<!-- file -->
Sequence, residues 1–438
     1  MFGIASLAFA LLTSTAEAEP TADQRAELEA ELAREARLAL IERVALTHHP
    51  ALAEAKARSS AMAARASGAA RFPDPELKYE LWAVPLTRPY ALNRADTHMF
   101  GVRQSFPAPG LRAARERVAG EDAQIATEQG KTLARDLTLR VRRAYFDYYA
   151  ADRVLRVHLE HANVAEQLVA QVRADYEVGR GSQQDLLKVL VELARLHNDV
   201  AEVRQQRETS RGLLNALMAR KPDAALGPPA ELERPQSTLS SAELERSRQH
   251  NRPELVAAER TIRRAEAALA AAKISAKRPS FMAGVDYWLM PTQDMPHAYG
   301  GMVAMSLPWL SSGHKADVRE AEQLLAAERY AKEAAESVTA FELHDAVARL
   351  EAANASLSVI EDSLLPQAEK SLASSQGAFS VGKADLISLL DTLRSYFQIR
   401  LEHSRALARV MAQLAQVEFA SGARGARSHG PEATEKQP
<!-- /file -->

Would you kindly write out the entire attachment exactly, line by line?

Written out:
Sequence, residues 1–438
     1  MFGIASLAFA LLTSTAEAEP TADQRAELEA ELAREARLAL IERVALTHHP
    51  ALAEAKARSS AMAARASGAA RFPDPELKYE LWAVPLTRPY ALNRADTHMF
   101  GVRQSFPAPG LRAARERVAG EDAQIATEQG KTLARDLTLR VRRAYFDYYA
   151  ADRVLRVHLE HANVAEQLVA QVRADYEVGR GSQQDLLKVL VELARLHNDV
   201  AEVRQQRETS RGLLNALMAR KPDAALGPPA ELERPQSTLS SAELERSRQH
   251  NRPELVAAER TIRRAEAALA AAKISAKRPS FMAGVDYWLM PTQDMPHAYG
   301  GMVAMSLPWL SSGHKADVRE AEQLLAAERY AKEAAESVTA FELHDAVARL
   351  EAANASLSVI EDSLLPQAEK SLASSQGAFS VGKADLISLL DTLRSYFQIR
   401  LEHSRALARV MAQLAQVEFA SGARGARSHG PEATEKQP